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VOL. 132 | NO. 187 | Wednesday, September 20, 2017


Bill Dries

Last Word: The Brooks Question, Boyd's Answer and Tigers In the Polls

By Bill Dries

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Art as a real estate consideration. One of the more unusual of many considerations as the Brooks search for a new site – a possible new site, I should add, becomes the city’s favorite topic. So from the CRE vantage point – here are two more possible sites to think about if you haven’t already – Cossitt Library and the Fairgrounds, as well as right where it has been for the last century.

The Brooks search comes as the Overton Park Conservancy is undertaking a master plan for the entire park including the group of park institutions. And we talk with conservancy director Tina Sullivan about that and the timing of the Brooks question and that city maintenance yard the city is leaving on the East Parkway side of the park.

For a short agenda, the Memphis City Council session Tuesday had a lot going on, capped by council chairman Berlin Boyd’s conflict-of-interest controversy. Boyd said Tuesday he is ending his business’s consulting contract on fundraising events with the Beale Street Merchants Association but continued to insist he had no conflict of interest. And council attorney Allan Wade backed him on that. Also at City Hall Tuesday, invoking the specter of County Commissioner Terry Roland, a partial advance for Downtown’s two big projects and Golden India’s move off Overton Square is approved.

A very different kind of Beale Street discussion earlier this week – also at City Hall and also involving the $5 cover charge. This one by the Beale Street Task Force a day earlier focused on some lessons learned from Bourbon Street in New Orleans where the Memphis group actually got laughed at when they told some cops and a hotel manager that Beale charges a cover to get on the street.

No council votes taken Tuesday or decisions made -- but the discussion between council members and executives with Spectra – the company that manages the Liberty Bowl and other parts of the Fairgrounds for the city – during Tuesday committee sessions was not pleasant at all.

Council members wanted to know why the Liberty Bowl hasn’t had a concert since the 1997 U2 concert there – 20 years ago – and what Spectra was doing about it.

Council member Jamita Swearengen, whose district includes the Fairgrounds, said Spectra was taking credit for events locals had organized and pushed. Council member Philip Spinosa mentioned the venue running out of water during last Saturday’s Tigers-UCLA football game on what was a very hot day around the city … followed by a very bad Tuesday at City Hall for Spectra. More Thursday on this and the Fairgrounds and, of course, the Coliseum.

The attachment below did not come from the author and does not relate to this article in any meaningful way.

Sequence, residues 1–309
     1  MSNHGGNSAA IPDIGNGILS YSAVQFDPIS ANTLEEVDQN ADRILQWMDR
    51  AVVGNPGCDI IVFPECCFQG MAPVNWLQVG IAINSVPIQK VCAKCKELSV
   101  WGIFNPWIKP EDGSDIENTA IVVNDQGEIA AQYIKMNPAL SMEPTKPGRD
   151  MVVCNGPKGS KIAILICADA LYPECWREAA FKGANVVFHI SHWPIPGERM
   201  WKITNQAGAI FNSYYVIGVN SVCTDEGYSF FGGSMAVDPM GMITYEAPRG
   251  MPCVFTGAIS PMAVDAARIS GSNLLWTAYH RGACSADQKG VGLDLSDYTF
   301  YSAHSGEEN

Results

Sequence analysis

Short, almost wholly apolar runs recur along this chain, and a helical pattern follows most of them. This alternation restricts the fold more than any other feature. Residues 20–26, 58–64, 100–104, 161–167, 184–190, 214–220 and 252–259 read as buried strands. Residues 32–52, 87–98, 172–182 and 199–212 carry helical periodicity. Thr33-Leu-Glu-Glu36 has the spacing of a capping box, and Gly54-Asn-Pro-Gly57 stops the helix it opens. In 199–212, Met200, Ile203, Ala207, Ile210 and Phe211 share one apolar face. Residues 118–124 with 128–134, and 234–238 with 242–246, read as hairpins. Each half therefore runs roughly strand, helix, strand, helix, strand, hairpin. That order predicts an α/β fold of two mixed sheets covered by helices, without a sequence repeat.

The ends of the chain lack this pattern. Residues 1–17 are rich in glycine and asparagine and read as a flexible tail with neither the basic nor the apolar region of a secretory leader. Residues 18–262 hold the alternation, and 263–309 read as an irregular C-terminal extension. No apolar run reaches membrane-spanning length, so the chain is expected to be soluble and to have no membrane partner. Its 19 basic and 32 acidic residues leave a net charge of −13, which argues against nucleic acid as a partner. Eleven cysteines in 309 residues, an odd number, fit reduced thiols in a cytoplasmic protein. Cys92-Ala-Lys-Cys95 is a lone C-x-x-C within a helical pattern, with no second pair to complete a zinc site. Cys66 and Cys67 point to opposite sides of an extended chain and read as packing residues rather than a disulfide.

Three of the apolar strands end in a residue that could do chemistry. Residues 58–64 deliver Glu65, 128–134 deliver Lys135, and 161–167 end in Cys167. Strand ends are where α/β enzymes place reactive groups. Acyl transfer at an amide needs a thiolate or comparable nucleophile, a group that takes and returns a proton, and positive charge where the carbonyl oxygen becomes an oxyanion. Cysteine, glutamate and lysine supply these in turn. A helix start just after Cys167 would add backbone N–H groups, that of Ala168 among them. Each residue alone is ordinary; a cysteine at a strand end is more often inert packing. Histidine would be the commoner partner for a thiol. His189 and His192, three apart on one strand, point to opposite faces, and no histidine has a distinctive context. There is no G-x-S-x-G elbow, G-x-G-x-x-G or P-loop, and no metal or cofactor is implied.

As the council session was underway, Shelby County Commissioner Van Turner kicking off his re-election campaign Tuesday with a fundraiser in Midtown. For those of you keeping score on the commission as a whole, commissioner Reginald Milton is also running for re-election. Memphis City Council member Edmund Ford is running for the commission seat his cousin, Justin Ford, is exiting because Justin Ford is among the five sitting commissioners who are term-limited. Another term-limited commissioner, Melvin Burgess, is running for Assessor – all of this activity among Democratic county commissioners. None of that starts to become formal for another two months when candidates in the 2018 county elections can begin pulling qualifying petitions.

In the race for Tennessee Governor, one of the Republican contenders is being deposed about a television ad.

And a Super PAC is launched to support a challenge next year of U.S. Senator Bob Corker, should Corker decide to run for re-election.

So the Tigers win over UCLA knocked UCLA out of the top 25 in the football polls but didn’t get the Tigers in the top 25. Don’t put too much stock in that, is the advice Don Wade has.

More pain at The Commercial Appeal.

FedEx puts the cost of the TNT cyberattack in June at $300 million and the company is still feeling the effects.

AutoZone posts a “mild” quarter that its executives say offers some encouragement after some previous quarters that not only broke a long string of beating analysts’ predictions but caused some concern.

Highwoods selling a lot of its Southwind holdings for $39 million to a New York investment group.

There were some real problems with the Tennessee Bureau of Investigation’s investigation of the Holly Bobo murder. If that wasn’t apparent before, it became apparent Tuesday when the TBI’s lead investigator of the case at the outset testified for the defense in the Savannah trial of Zach Adams, who is accused of her murder. The Jackson Sun’s account of the day in court with Memphis prosecutors handling this case.

The new marketing and communications director of Youth Villages leads our Newsmakers segment. Travis Flee tells us about practicing his autograph when he wanted to be a professional athlete.

PROPERTY SALES 57 280 1,209
MORTGAGES 55 244 916